7. Bob Marley - Jammin
« I’m 11 years old and have heard all types of music, including Bob Marley, being played in the family house but this one song captivated me. The tempo and pacing of the performances were so laid back and funky. »
8. Idles - Well Done
« I’d listened to a lot of Punk music as a kid - Sex Pistols, Explloited, Suicidal Tendencies, Dead Kennedys, and on but it’d been a long time since I heard punk music that had spanned the decades to not only maintain that original ethos and idealogy of what punk was and is but modernize it without losing the intensity. The Idles accomplished exactly that. This was the first track I heard and there was just something about it that had me listening to it over and over. The seeming simplicity was a mask for the intricacies and attention to detail that I’ve found throughout their music. What strikes me is their use of the age-old use of dynamics - stripped down, calmer verses, and then BAM - the hammer drops for the chorus so it leaves you anticipating it each time. The yin and yang. You’re listening and waiting until you feel it pop off for the chorus. Euphoric. »
9. Digable Planets - 9th Wonder (Blackitolism)
« Coming up in the “golden age era” of hip-hop in the late ’80s, and early 90s, there was a plethora of groups experimenting with incorporating deeper vinyl samples and styles: Native Tongues - A Tribe Called Quest, De La Soul, Jungle Brothers alongside Guru, Black Sheep, Public Enemy, Digable Planets and many others. It was an incredible moment in time that brought forth so many classic tracks and during that time of experimentation was the Digable Planets, going from their first release in 1993, Reachin’ (A New Refutation of Time and Space), a more mainstream, but the excellent album to 1994’s Blow Out Com where you see DP pivot musically, and lyrically - focusing on a sound that was darker and lyrics that brought more consciousness.
9th Wonder has that slinky, dirty synth line to kick off followed by a laid back, swaggering drum groove, and tasteful use of a simple bass line that climbs down then back up all topped by the three MCs bringing riding the groove with conscious lyrics. »
10. The Clash - London Calling
« To this day I’m not sure when the first time I heard The Clash would have been or where. It might have been a local radio station or a friend but the first song I heard by The Clash was London Calling. This was my introduction to a band that would remain placed high on a shelf, like a trophy in my life, a song that made such an impact on people worldwide, myself included, a song that remains an anthem to this day and to a kid in his early teens, this is where I wanted to be - on the Clash train, barreling full steam ahead.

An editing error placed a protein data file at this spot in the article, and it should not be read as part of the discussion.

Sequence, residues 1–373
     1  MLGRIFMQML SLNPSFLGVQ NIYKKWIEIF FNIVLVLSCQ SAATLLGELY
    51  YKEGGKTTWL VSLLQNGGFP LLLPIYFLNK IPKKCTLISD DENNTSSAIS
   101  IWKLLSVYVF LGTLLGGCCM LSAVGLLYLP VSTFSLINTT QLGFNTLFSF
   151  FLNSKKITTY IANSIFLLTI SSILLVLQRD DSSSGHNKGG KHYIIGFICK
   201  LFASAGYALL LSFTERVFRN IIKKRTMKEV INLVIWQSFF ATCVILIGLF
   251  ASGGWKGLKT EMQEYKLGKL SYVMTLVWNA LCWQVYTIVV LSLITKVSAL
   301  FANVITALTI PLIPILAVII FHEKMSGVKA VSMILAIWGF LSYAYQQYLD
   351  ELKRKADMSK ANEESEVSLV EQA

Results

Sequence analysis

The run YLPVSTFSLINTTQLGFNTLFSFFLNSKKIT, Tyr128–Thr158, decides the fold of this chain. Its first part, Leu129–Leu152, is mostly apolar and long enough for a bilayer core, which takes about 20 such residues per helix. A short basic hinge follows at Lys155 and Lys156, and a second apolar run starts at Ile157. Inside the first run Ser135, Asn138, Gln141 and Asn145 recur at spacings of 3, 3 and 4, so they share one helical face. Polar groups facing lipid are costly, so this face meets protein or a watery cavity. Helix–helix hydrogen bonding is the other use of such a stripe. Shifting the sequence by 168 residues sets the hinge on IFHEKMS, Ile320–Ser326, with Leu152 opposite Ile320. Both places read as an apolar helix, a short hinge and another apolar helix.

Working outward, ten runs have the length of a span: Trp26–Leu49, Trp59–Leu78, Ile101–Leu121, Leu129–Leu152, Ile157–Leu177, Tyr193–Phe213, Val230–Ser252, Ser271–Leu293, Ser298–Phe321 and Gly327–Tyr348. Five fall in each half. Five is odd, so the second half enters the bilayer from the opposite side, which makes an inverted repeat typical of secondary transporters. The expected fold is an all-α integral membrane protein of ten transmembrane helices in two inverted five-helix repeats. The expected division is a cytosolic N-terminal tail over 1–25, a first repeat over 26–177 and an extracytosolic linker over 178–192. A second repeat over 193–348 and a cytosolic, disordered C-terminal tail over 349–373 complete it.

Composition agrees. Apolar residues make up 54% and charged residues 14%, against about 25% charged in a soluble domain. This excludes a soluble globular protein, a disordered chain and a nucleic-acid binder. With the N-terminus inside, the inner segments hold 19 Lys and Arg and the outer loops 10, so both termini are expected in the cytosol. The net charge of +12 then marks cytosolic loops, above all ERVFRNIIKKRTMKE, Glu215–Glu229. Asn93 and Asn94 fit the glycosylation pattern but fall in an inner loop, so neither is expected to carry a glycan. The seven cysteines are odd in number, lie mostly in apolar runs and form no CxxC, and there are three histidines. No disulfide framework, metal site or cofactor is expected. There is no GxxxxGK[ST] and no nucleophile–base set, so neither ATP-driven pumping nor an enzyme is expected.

What fascinated me was the diversity of the album as a whole, nothing made sense but it all made sense. There seemed to be no continuity to my ears at first but as I continued to listen over and over, these songs and that album became part of my consciousness.
You went from the highly charged political song “London Calling” to “Brand New Cadillac” an updated 50s song (which I assume was the intent) to “Jimmy Jazz”, a pseudo-lounge jam to the very blatant messaging of “Hateful”, and on it went with all of the other songs that make up this ambitious double album. »
11. Burning Spear - Marcus Garvey
« I was in my mid-teens and had already been deeply into Marley when I was introduced to Burning Spear. The first moment I heard the lead-off track “Marcus Garvey” I was mesmerized.
What was happening here? What were these sounds emanating from my speakers? This didn’t sound like any of the polished Marley albums I’d been playing on repeat.
What made this album different?
It’s a lot of small things that add up to something revelatory and evocative - horns that are ever so slightly out of tune invoking a mournful tone, subtle use of reverb rather than drenched, a touch of delay on the vocals without being overt, a lyrical message accompanied by militant beat where the drums and bass don’t waver.
This is a freight train coming right at you and you either jump on board or step aside. Even as I sit here writing this after years of listening I still get chills. »